aka lies not so well disguised…
I’m unhappy. Seriously so. I have had about enough of spin and deception in the blogosphere. Fake blogs, pay-for-play, astroturfing, lies about your products, the lot of it. And it’s gotten to the point where the FTC is weighing in. Unbelievable.
How close are we to destroying consumers trust in our “social media” outreach efforts? What about our clients trust in us to help protect and enhance their brand? How’s that working out for Sony, McDonald’s and Wal-Mart?
We talk a good game, sure. Be transparent. Be authentic. Listen. Engage in a conversation. But as soon as push comes to shove too many take the easy way out. Why reach out to the community when you can just pretend to be the community? And when called out on it? Rewrite history. It’s even gotten to the point where public announcements can be made that appear to be easily contradicted by fact.
Do we think no one will notice? That there won’t be a backlash? Do we care that we may end up destroying the very channels of communication we should be trying to open, let alone our credibility as communicators?
It has to stop. It almost makes me long for the days when all we had to worry about was the CTR on a 468×60 (almost).
Update: For a look at real transparency – The Quitter
Update II: When all else fails, there’s always the “Fake Blog Apology Service” courtesy of Adrants
Update III [12/15/06 1:40pm EST]: Whereby we take a closer look at how some flacks really engage in “social” media…
In a nutshell, the link above to iStudio, a division of High Road Communications/ Fleishman Hilliard, is supposed to have a comment attached to the post from yours truly. I have been trying for the last week to find out how their SNR, coded in framesets, is search engine friendly as they claim. Unfortunately it looks like iStudio has no plan on correcting the record or allowing a challenge to their claims. Now, before you say “but maybe it takes time for comments to be released from moderation” – here’s the screenshot of someone from the admin moderation screen visiting my site less than an hour after I posted the comment yesterday.
At the time of this post my comment is still in moderation.
What was it I was trying to point out and get some kind of an answer to after waiting almost a week for a response from their tech team?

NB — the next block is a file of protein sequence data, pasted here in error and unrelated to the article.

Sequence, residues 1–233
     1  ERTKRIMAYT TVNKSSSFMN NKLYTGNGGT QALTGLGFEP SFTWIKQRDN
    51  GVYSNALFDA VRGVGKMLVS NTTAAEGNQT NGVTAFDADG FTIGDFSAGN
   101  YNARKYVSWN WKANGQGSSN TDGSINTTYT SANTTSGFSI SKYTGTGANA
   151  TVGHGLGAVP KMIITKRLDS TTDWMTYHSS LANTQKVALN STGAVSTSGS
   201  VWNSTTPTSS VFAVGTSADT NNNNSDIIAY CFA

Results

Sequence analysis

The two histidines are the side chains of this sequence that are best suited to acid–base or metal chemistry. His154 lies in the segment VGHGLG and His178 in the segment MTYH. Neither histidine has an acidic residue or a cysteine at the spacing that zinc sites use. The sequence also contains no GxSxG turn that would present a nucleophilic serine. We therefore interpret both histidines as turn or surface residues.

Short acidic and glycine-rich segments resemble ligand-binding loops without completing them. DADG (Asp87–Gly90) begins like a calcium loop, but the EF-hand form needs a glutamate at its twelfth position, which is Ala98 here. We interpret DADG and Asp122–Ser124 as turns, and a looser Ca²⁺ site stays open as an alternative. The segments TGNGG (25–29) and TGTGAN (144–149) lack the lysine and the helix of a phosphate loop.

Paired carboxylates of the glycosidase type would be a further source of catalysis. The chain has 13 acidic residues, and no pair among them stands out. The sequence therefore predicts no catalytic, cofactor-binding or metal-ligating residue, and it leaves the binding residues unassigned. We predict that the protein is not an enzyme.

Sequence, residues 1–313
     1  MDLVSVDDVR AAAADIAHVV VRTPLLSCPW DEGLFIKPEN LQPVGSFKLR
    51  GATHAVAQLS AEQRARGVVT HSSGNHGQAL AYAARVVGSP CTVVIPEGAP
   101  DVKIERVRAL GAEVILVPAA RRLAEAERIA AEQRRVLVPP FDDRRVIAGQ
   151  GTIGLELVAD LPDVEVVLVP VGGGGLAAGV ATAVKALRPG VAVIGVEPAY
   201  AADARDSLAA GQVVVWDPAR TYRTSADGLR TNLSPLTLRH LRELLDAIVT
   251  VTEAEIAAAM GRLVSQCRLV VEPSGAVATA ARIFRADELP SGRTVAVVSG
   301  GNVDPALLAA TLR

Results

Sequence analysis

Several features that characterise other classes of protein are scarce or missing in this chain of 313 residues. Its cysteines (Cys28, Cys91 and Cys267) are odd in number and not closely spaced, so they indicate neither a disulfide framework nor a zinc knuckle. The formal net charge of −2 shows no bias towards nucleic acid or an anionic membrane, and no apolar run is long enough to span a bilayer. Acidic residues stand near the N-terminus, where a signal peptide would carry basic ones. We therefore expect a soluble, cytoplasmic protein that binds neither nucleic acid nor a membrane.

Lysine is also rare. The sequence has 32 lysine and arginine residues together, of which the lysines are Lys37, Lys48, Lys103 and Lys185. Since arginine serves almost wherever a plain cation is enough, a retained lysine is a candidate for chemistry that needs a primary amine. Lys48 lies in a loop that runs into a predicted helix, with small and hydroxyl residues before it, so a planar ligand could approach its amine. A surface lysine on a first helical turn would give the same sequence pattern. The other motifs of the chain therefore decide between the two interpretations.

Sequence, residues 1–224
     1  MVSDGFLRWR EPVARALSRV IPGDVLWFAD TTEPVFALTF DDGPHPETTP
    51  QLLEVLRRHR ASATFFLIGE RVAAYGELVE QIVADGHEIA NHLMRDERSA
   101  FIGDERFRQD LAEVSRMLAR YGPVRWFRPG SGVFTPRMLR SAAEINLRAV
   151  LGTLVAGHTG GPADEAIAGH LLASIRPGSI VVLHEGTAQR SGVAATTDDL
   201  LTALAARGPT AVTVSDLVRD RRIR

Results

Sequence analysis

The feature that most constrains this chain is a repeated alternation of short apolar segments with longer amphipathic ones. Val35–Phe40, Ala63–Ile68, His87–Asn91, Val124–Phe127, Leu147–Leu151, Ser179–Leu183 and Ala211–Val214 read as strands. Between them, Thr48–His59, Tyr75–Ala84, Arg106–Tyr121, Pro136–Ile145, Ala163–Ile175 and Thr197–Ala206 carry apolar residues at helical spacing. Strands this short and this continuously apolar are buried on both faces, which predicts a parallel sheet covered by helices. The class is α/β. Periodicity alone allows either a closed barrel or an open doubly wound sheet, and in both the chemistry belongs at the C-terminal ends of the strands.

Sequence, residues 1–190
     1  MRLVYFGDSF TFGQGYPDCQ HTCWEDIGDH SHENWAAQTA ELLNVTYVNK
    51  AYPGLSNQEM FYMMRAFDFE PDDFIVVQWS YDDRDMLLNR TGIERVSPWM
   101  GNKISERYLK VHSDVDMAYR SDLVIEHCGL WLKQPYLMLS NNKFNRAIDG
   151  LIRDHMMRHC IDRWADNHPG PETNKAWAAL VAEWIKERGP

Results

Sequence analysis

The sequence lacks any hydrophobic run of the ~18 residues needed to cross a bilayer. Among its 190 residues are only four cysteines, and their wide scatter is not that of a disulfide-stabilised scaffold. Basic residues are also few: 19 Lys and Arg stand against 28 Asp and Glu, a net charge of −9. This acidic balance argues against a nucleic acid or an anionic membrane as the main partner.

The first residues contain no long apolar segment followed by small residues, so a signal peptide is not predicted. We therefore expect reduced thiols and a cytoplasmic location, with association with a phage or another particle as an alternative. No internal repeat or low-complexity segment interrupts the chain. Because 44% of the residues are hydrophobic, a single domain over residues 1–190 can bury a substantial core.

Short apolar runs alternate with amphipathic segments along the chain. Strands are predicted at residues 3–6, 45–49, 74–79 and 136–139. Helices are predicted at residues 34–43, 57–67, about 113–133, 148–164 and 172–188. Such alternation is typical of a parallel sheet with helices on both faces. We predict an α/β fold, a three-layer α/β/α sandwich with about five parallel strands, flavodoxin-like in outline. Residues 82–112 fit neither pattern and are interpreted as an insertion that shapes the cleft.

Hi all, I don’t want to take any thunder out of your efforts, as I support the goals of the SNR and believe it is great way to aggregate and disseminate information broadly. However, after our last discussion I’m still not convinced that this release meets the objectives stated, or, as this post claims, the SNR criteria for indexing by search engines (SNR point #4) at this stage in its development.
Frankly, I don’t see how a release built in a frameset could be considered search engine friendly given the consensus advice around using frames. One of the great things about the internet is that our work can evolve in real time. There’s nothing wrong with launching a product that doesn’t yet meet 100% of the requirements – in fact, ‘beta’ is all the rage with the Web 2.0 crowd. However, I really think that your audience, potential users, and supporters deserve a clear explanation of how exactly your SNR tool does or will live up to all the promises.
This to me, seems pretty serious, as iStudio has proclaimed their release adheres to the accepted guidelines developed by their industry peers, yet I am certain that the coding is not up to par for Rule #4 – search engine indexing. At this point I’d really like to hear from the Social Media Club who developed & maintain the guidelines for the SNR. Do they feel that the iStudio/Weblo release complies? Or how about someone from Fleishman Hilliard – are these the standard practices of your divisions?
Man, no wonder PR has such a bad rep in the blogosphere – they’ve earned every bit of it.
The worst part of this issue in my opinion is how it was handled, not the coding itself. I started out being a supporter. It would have been really easy to admit the release wasn’t optimized, thank me for the tip, correct the record, and move on. Instead the spin starts and now we have this: a company silencing criticism on their blog and allowing claims that have been challenged on the facts to stand and be promoted.
The future’s so bright I’ve gotta wear shades.
Update IV: My comment has now been released from moderation on the iStudio site.
[photo credit: yewenyi on Flickr]
iStudio; Fleishman Hilliard; High Road Communications; Social Media Club; SNR